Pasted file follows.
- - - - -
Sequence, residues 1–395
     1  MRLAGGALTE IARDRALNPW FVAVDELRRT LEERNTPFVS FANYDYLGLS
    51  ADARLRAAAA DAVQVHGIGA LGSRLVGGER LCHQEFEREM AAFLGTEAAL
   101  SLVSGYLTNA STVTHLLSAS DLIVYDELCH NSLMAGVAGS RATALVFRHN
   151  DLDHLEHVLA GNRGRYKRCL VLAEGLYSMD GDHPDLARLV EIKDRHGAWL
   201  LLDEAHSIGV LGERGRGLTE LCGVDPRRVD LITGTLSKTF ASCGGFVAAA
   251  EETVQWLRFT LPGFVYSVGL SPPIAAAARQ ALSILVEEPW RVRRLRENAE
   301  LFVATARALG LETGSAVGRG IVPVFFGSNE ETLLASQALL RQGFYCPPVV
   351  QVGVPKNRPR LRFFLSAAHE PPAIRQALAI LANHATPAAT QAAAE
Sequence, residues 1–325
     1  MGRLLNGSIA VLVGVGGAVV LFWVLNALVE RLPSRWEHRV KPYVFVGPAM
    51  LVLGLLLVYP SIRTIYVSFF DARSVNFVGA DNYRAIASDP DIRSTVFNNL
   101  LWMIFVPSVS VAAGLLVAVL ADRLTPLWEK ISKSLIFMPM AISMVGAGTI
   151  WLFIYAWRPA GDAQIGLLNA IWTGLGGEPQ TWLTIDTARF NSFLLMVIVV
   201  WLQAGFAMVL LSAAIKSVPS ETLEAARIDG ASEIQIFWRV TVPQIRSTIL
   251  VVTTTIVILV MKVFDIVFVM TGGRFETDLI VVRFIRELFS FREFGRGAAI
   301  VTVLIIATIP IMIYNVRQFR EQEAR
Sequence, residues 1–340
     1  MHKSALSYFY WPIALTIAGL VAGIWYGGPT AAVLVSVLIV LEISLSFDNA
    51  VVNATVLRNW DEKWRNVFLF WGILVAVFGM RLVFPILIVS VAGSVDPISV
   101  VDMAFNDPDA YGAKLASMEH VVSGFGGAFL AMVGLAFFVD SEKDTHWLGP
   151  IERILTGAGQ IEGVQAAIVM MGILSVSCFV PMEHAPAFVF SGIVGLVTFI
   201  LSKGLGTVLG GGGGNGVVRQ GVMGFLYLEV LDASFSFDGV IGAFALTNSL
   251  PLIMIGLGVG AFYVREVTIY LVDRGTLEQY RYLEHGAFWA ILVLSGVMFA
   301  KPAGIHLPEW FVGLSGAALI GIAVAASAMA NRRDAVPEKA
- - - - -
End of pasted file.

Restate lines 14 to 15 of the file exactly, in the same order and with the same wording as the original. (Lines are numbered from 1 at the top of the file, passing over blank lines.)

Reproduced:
   151  WLFIYAWRPA GDAQIGLLNA IWTGLGGEPQ TWLTIDTARF NSFLLMVIVV
   201  WLQAGFAMVL LSAAIKSVPS ETLEAARIDG ASEIQIFWRV TVPQIRSTIL